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When Are You Too Old to Be a Children’s Minister?

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When Are You Too Old to be a Children’s Minister?

Is there an age when you are to old to serve and lead in children’s ministry?

50’s?

60’s?

70’s?

80’s?

I used to think people in their 50’s were old.  Now that I am in my 50’s, it doesn’t seems that old after all.  Some of you reading this can identify with that.

I think back to when I was in my 20’s in children’s ministry.  I would have all night events with the pre-teens.  I was right there with them.  I had plenty of energy and kept up with the pre-teens with no problem.

When I got into my 30’s, the all-nighters shifted to ending at midnight.

Once I hit my 40’s, we ended at 9 pm (ha).

Can you identify?  Does that remark resemble you?

If you are in your 20’s or 30’s, this will be helpful to you one day when the gray hair starts showing up and you have to color it or leave it gray.

Now that we have that on the table, let’s talk about the big question in the title of this article.

When Are You Too Old to be a Children’s Minister?

I don’t think this is something you can put an exact time frame on.  I think it varies from person-to-person.

We know the Bible says the gifts and callings of God are without repentance.  Once you are called, you are called for life.  Now how you live out that calling as you get older will depend on your health and relevance.

Here are a few tips that can help you continue serving as a children’s minister for a long time.

Gather younger people around you.  The older you get, the more you need to surround yourself with younger staff and volunteers.  When you bring the zeal of youth and combine it with the wisdom that comes from many years in ministry, you have a great combination that can really make a difference.  This leads right into the next point.

Listen and learn from the next generation of leaders.  Be open to new ideas and methods of doing ministry.  Don’t get stuck in your ways of doing things.  What got you to where you are now probably won’t take you where you need to be in the future.  Be proactive in seeking out input and ideas from younger leaders.

Stay in good shape.  It will be challenging to continue serving as a children’s minister if you are not in good health.  Be proactive in staying healthy.  Exercise regularly.  Watch what you eat and how much you eat.  Get a good night of sleep.  When you are in good health, it makes it significantly easier to continue serving as a children’s minister.

Shift your role even more toward mentoring the next generation of leaders.  One positive thing about getting older in ministry is the opportunity it gives you to mentor and invest in younger leaders.  You have much to offer the next generation of children’s ministers.  Be intentional about mentoring and coaching them.

Stay relevant with what is happening in kid culture and with families.  Keep track of the culture of today’s kids and families.  Today’s families and kids are a lot different than the families and kids of the 1980’s and 90’s.  Know what movies, video games, music, toys and social media apps they are currently engaging with. 

Continue to grow in your leadership skills and new roles in children’s ministry.  Learning opportunities don’t stop when you hit your 40’s or even 50’s.  Be a lifelong learner.  Read new books on leadership and ministry.  Subscribe to some cutting-edge podcasts.  Go to conferences and find out what is fresh and relevant in ministry.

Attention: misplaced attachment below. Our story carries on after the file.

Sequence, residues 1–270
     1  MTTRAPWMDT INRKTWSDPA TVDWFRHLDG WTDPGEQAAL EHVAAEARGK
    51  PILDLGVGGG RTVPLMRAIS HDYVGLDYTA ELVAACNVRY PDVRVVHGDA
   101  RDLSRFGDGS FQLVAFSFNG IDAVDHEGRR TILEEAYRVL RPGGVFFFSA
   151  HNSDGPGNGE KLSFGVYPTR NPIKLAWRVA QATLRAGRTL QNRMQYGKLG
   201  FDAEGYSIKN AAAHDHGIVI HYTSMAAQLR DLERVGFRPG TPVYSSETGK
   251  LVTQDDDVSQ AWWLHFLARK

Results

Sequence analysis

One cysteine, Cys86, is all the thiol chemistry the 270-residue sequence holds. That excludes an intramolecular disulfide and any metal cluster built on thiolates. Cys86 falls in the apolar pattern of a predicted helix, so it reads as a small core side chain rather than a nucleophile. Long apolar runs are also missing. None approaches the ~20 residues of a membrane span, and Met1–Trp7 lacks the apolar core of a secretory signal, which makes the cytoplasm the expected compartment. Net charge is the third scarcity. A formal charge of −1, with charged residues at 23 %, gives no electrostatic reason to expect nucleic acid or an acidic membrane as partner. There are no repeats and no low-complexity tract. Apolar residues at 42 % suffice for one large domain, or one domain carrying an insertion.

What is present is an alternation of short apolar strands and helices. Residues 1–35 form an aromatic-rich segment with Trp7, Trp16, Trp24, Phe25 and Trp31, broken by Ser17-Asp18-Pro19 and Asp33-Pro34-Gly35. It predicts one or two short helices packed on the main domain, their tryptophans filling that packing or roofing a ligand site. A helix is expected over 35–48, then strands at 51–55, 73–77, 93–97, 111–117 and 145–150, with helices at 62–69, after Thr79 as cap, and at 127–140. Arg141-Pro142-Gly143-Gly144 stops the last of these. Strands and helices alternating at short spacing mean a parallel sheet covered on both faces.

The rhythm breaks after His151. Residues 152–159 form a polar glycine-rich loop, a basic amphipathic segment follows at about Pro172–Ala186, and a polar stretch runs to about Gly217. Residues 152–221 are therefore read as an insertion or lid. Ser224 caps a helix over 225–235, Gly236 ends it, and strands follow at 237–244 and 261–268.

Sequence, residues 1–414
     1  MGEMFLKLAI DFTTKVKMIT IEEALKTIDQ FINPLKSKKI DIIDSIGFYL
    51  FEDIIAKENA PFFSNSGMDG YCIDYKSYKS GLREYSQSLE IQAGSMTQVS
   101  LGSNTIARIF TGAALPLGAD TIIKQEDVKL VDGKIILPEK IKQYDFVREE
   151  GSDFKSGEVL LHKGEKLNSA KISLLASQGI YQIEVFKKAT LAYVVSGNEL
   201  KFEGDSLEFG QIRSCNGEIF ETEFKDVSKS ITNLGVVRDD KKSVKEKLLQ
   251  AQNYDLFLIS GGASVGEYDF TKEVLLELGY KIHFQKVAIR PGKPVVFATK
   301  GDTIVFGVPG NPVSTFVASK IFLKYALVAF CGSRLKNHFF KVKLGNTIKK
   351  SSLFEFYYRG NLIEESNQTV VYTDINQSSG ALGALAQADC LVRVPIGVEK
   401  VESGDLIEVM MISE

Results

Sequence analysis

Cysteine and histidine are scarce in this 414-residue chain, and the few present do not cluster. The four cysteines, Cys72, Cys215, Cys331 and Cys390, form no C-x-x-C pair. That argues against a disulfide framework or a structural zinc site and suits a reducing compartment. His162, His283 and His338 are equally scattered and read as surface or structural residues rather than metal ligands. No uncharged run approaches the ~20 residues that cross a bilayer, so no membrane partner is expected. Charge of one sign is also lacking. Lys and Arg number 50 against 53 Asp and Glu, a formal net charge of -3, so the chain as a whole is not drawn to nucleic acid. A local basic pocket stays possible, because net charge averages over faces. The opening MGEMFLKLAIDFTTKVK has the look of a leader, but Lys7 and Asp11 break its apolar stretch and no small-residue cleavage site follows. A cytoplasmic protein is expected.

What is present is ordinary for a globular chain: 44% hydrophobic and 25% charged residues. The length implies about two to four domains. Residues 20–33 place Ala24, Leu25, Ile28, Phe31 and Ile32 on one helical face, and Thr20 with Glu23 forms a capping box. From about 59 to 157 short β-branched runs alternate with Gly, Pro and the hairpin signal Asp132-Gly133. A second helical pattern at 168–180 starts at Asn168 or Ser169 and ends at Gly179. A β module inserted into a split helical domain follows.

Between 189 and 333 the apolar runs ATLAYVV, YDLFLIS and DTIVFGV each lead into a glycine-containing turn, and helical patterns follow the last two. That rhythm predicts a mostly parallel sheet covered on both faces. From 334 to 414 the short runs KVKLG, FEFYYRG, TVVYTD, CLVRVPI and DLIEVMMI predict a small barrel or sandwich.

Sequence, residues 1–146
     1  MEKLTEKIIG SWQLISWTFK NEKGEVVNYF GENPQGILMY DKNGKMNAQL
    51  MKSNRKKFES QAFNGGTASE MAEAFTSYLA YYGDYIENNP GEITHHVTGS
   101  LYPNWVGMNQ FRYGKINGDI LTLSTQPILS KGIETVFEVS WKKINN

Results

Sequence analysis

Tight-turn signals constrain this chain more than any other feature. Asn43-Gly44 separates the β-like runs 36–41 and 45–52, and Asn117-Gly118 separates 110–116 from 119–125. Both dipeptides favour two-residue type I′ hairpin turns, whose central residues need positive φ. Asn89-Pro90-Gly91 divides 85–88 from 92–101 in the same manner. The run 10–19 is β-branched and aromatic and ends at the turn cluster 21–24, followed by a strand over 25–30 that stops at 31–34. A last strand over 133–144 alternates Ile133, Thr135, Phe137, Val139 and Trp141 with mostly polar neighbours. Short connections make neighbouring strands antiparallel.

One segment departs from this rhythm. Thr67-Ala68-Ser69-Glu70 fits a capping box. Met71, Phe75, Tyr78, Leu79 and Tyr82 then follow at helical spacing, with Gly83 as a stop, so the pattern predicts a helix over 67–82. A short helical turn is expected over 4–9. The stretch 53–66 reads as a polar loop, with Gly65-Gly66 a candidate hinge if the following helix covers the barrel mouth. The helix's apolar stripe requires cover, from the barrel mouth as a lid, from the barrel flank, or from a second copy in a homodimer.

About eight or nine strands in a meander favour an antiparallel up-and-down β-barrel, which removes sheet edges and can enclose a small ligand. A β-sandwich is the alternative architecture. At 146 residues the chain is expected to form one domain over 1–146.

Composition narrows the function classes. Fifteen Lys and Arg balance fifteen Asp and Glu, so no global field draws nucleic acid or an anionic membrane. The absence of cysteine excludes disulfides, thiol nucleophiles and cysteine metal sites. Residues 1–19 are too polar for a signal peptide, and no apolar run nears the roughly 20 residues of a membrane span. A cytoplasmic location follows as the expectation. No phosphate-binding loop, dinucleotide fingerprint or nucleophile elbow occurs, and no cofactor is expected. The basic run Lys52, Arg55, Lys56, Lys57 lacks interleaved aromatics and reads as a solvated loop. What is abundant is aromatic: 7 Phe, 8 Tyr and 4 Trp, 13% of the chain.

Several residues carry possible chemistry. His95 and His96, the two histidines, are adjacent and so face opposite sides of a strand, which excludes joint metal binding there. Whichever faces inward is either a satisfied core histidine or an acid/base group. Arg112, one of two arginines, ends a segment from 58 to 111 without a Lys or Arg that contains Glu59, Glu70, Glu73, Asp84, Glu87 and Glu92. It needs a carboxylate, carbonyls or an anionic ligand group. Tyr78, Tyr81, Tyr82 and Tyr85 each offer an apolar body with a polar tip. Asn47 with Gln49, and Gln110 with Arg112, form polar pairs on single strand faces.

Stay on top of new technology.  Nothing will cause you to be outdated more quickly than technology.  Stay on top of what is new.  Be proactive in finding apps and programs that will help you take the ministry to the next level.  Don’t be the guy or gal who is still using Myspace.  Believe it or not, it is still available.  If you are reading this and you are in your 20’s, you probably don’t know what Myspace is.  Point made.

Embrace new ministry methods.  Don’t be the person who hangs onto old programs and methods of doing ministry even when they are on a downhill slide.  Do you have any programs that you’ve been doing for a long time that now only has a handful of kids attending?  Are you using curriculum just because it’s what you’ve always used?  Are you still doing a program just because it was started by Sister Jennie Anne 30 years ago?

Be willing to hold the ministry with open hands.  What worked in the past may not be working today.  Each year sit down with your key leaders and talk through everything you are doing.  Is it still relevant?  Are there a good number of children still participating?

If you are like me, I have no problem changing programs I didn’t start.  It’s the programs I have started that I hate to see stop.  Many times those type of programs are tied to a portion of our self-esteem and confidence. It’s my baby… and so we hate giving them up.

We have to get over ourselves and put the ministry before our personal preferences.  If we don’t, we will become outdated and will be a major hindrance for moving the ministry forward.

More than ever, children’s ministry needs you.  No matter where you are in your journey of life, stay faithful, stay relevant and keep growing and learning.

You have a lot to bring to the table.  Children’s ministry needs you now and for many years in the future.

Wherever God places your finish line, stay in the race and cross it with a smile on your face.

This article originally appeared here.

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Dale Hudson has been serving in children's ministry for over 30 years. He is an author, speaker and ministry leader.  He is the founder and director of Building Children's Ministry. BCM helps churches build strong leaders, teams and children's ministries.  (www.buildingchildrensministry.com)